Photo: Ro Irving on flickr
A seriously cool study is coming out later this year in Psychological Science on the benefits of awe [pdf].Awe, which describes a “feeling of reverential respect mixed with fear or wonder” and comes from the old Norse word for “terror,” seems like a strange subject for research, but its benefits are clear.
Lead author Melanie Rudd of Stanford University concluded that awe expands people’s perception of time, enhances well-being and causes people to behave more altruistically and less materialistically.
How did they stimulate awe? Rudd explained over email:
The methods that were the most effective at stimulating awe were those that presented participants with a “new” awe experience (i.e., having participants watch the awe-eliciting commercial). Remembering a past awe-eliciting experience and reading about an imaginary awe-eliciting experience (i.e., the short story) also elicited awe, but relatively less compared to when participants experienced a “fresh” and “real” awe experience.
How can we stimulate awe and its benefits in our daily life? Rudd explains:
There are two things needed for a true awe experience: 1) Perceptual vastness (i.e., you need to perceive that you’ve encountered something vast in number, size, scope, complexity, or social bearing) and 2) A need for accommodation (i.e., you must feel that you need to revise or update your mental structures/the way you think/your understanding of the world in order to understand the perceptually vast thing/stimuli). So anything you experience in daily life that leads you to experience these two things can stimulate awe and its benefits. And the things that elicit these two things and, as a result, awe, can differ from person to person. However, there are some things that seem to more frequently elicit awe—experiencing nature, being exposed to art or music, and observing the accomplishments of others. Things like social interactions and personal accomplishments seem to be less likely to elicit awe. And I imagine that just putting yourself in new situations, in new places, and encountering new people would increase your chances of experiencing awe.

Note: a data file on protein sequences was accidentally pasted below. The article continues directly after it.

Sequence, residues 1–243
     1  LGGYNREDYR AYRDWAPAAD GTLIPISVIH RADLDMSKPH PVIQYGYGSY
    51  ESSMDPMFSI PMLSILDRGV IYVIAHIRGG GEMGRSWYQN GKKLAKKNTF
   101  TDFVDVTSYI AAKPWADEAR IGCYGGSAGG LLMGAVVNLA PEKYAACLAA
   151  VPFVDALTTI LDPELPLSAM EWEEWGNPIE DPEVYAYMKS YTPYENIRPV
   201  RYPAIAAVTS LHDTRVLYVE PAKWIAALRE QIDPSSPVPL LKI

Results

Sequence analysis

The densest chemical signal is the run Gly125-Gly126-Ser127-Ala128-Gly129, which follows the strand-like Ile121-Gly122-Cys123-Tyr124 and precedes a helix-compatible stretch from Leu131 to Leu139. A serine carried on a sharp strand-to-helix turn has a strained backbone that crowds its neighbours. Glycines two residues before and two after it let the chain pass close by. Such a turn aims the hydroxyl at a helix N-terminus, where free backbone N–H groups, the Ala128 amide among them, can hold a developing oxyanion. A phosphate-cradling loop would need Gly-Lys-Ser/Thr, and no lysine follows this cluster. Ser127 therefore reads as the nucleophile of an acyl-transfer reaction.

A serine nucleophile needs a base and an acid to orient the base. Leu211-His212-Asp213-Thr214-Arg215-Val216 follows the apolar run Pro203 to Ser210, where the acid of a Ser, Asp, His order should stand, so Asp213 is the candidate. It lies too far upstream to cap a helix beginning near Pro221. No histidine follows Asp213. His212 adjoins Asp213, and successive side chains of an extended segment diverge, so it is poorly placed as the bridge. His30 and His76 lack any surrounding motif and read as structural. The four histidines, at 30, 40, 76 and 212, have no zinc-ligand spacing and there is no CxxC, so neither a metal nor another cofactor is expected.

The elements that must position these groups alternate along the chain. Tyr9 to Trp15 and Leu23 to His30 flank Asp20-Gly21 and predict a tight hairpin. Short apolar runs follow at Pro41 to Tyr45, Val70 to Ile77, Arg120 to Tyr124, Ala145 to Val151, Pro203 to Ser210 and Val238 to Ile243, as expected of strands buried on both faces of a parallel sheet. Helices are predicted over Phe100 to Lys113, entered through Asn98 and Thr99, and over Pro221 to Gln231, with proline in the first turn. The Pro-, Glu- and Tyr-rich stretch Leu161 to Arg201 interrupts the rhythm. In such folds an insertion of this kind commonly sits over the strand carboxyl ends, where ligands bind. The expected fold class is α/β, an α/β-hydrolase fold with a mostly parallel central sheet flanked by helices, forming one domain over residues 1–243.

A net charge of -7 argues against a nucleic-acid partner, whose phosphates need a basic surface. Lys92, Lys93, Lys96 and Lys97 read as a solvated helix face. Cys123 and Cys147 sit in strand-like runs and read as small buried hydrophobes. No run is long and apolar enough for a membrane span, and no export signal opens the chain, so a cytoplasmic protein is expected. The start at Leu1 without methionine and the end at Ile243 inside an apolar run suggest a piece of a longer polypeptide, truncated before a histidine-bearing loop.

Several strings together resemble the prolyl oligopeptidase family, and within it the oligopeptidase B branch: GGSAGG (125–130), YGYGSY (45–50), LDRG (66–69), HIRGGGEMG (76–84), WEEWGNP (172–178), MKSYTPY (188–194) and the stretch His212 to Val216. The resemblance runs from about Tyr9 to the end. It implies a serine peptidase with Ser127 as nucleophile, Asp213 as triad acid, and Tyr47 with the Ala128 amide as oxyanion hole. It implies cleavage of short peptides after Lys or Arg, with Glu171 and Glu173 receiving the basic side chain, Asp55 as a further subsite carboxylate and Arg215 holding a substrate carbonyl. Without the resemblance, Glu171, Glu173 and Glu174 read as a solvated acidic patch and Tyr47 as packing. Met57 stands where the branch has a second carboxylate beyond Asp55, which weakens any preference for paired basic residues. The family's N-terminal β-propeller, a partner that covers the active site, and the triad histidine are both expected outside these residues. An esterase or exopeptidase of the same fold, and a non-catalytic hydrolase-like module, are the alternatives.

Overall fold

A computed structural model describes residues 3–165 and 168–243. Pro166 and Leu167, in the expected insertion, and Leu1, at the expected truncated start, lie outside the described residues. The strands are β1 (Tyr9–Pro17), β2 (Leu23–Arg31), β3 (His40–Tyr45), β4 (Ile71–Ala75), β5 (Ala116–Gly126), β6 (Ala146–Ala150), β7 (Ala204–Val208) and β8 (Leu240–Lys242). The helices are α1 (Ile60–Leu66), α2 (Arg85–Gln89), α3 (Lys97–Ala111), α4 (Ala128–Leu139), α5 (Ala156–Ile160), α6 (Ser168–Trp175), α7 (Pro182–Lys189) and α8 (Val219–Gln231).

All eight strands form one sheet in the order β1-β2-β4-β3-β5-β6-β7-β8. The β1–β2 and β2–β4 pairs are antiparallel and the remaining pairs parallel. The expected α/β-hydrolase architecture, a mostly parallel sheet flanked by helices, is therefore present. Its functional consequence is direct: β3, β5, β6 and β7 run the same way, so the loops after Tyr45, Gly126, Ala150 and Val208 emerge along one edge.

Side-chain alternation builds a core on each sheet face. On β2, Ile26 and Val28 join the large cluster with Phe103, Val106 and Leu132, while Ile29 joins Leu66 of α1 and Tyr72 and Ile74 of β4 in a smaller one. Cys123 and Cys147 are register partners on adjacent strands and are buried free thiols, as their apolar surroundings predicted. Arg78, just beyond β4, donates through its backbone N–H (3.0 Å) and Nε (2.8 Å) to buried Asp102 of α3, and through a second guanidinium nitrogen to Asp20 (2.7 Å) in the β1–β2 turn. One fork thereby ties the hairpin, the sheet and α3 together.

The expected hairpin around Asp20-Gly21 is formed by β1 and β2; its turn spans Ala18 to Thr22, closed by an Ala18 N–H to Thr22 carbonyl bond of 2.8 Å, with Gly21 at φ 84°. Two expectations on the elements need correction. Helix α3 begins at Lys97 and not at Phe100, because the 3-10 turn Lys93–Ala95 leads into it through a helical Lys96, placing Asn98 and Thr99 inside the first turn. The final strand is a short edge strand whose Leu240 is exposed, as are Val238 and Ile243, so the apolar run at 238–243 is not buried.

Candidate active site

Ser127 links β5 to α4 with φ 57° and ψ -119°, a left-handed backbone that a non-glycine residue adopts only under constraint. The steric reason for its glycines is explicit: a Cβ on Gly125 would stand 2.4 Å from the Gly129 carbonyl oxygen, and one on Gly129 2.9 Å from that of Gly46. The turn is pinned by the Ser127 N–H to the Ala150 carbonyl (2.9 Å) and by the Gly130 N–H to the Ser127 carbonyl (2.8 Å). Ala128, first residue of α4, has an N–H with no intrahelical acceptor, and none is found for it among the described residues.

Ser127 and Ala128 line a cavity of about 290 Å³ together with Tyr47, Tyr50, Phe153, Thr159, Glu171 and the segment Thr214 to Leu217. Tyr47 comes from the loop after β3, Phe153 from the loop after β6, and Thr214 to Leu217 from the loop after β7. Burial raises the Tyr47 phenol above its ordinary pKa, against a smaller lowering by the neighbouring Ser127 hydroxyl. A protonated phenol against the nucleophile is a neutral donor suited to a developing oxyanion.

Rudd declined to comment on whether marijuana was an effective ways to stimulate awe, as has been speculated by Michael Pollan and others.
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